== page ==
It wasn't the bumps and bruises that surprised emergency room physicians when they started looking into the dangers of texting. It was the fatalities. "It's like walking blind," says Linda Lawrence, president of the American College of Emergency Physicians, who has heard of people stepping into moving traffic, BlackBerry in hand.
Unlike speaking on a cellphone, texting requires users to divert their eyes, Lawrence says. With data from the Pew Research Center showing that 74 percent of 18 to 29 year olds text, Lawrence suggests that when parents buy phones for their kids, they should sit down and discuss the risks.
But, she adds, the growing number of adult users of iPhones, BlackBerrys and other handheld devices has made texting-on-the-go a risk for people of all ages.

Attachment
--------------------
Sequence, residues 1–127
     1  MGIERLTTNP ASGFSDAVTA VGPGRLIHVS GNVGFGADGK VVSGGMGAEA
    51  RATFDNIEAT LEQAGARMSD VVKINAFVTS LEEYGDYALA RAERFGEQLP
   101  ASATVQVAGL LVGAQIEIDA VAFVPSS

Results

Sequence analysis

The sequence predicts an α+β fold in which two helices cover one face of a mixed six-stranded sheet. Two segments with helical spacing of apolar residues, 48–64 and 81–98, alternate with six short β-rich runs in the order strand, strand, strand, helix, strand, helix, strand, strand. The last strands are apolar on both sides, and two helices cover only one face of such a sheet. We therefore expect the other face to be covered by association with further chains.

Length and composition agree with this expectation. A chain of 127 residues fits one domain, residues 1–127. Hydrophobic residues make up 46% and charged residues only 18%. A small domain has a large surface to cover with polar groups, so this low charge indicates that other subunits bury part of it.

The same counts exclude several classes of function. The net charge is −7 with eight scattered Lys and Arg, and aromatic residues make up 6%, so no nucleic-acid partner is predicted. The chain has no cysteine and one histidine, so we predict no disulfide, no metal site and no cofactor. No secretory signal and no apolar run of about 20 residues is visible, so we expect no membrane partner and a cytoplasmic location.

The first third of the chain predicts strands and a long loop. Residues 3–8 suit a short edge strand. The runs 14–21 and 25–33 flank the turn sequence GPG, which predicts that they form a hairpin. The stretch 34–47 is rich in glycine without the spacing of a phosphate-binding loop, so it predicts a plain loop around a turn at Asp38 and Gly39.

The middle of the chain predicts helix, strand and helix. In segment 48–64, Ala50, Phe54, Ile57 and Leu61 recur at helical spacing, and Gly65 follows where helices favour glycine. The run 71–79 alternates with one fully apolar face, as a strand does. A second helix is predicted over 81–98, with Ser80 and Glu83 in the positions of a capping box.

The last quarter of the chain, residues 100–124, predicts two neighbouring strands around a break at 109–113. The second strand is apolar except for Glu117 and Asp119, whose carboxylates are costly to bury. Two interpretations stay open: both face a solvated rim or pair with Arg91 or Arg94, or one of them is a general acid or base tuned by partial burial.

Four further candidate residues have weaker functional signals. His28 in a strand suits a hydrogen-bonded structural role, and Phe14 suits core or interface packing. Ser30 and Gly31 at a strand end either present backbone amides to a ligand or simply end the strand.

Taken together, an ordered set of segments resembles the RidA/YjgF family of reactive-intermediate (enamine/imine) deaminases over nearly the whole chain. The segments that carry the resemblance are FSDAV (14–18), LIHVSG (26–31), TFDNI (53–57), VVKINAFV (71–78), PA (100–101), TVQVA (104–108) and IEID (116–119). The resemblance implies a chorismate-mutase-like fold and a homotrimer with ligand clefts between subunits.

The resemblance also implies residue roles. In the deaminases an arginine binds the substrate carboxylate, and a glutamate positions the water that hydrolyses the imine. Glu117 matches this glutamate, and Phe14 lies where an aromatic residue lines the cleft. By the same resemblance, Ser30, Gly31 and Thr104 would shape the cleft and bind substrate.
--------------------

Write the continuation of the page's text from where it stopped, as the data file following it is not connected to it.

The ACEP, which aims to educate the public on injury prevention, makes the following recommendations:
¢ Don't text while you're engaged in physical activities that require sustained attention, such as biking, inline skating and playing sports.
¢ Never text while driving or motorcycling, and use caution even when using headsets.
¢ Keep your phone or BlackBerry accessible, so you don't have to rummage for it through your backpack or clothing.
¢ Turn off the device, or ignore the call or message, whenever responding might be dangerous.
¢ And remember that texting can divert you from ensuring your own safety, so avoid sending messages when you are out alone at night or in a crowded area where you could be the victim of a pickpocket.